One of my current employers is hiring. I posted about it on my college alumni’s Facebook page for potential applicants to shoot me a message and their resumes if they were interested. I was inundated with horrible things that made me think the prospective applicants were, at their current junctures, pretty unemployable. If you’re trying to apply for a job in similar circumstances (through a network of someone you don’t know well but want to endorse you), here’s how to actually get a job referral and not an eyeroll.
1. Seriously guys, spell check.
Know the difference between “there,” “their” and “they’re.” I refuse to read any further if you eff those up. Harsh, but so will any potential employers, unless they, too, are lazy and incompetent, in which case, why would you want to work for them?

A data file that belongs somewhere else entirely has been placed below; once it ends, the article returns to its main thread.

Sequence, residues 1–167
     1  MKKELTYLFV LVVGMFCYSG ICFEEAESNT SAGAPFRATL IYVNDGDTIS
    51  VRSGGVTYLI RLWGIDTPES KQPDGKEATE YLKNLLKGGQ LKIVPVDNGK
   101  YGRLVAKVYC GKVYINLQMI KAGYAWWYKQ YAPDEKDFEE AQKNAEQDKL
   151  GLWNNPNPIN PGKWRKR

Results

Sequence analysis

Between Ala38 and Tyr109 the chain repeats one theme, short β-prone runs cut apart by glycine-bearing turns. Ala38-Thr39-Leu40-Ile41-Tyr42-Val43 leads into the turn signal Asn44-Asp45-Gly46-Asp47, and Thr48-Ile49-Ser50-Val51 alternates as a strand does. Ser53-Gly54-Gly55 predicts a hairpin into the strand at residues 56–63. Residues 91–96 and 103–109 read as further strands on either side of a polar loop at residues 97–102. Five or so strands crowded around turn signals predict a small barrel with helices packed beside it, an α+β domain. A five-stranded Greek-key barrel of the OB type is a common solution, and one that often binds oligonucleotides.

2. Don’t act overly familiar.
I write with a casual tone and I’m a laidback person (except during football season). That doesn’t mean you should address me the way you would your best friend. I’m not your best friend. I have enough friends, and I hate stupid texting abbreviations. Save it for your actual BFF4E.
3. Tailor and edit your resume.
Hey guys: This isn’t my job. If you can’t be bothered to list your most relevant positions and remove that ice cream scooping job you had in middle school, how good of a worker can you possibly be? I’m happy to offer pointers, but if you expect me to do the work for you, don’t expect to get hired.
4. Understand how attachments work.
Chances are you’ve been using the Internet for a long time. Why is this so hard?
5. Don’t nag me.
I’m busy. If I think you’re worthy, believe me, I will pass you along. Because if I do, I get a referral bonus. I’m not that charitable unless tax deductions are involved.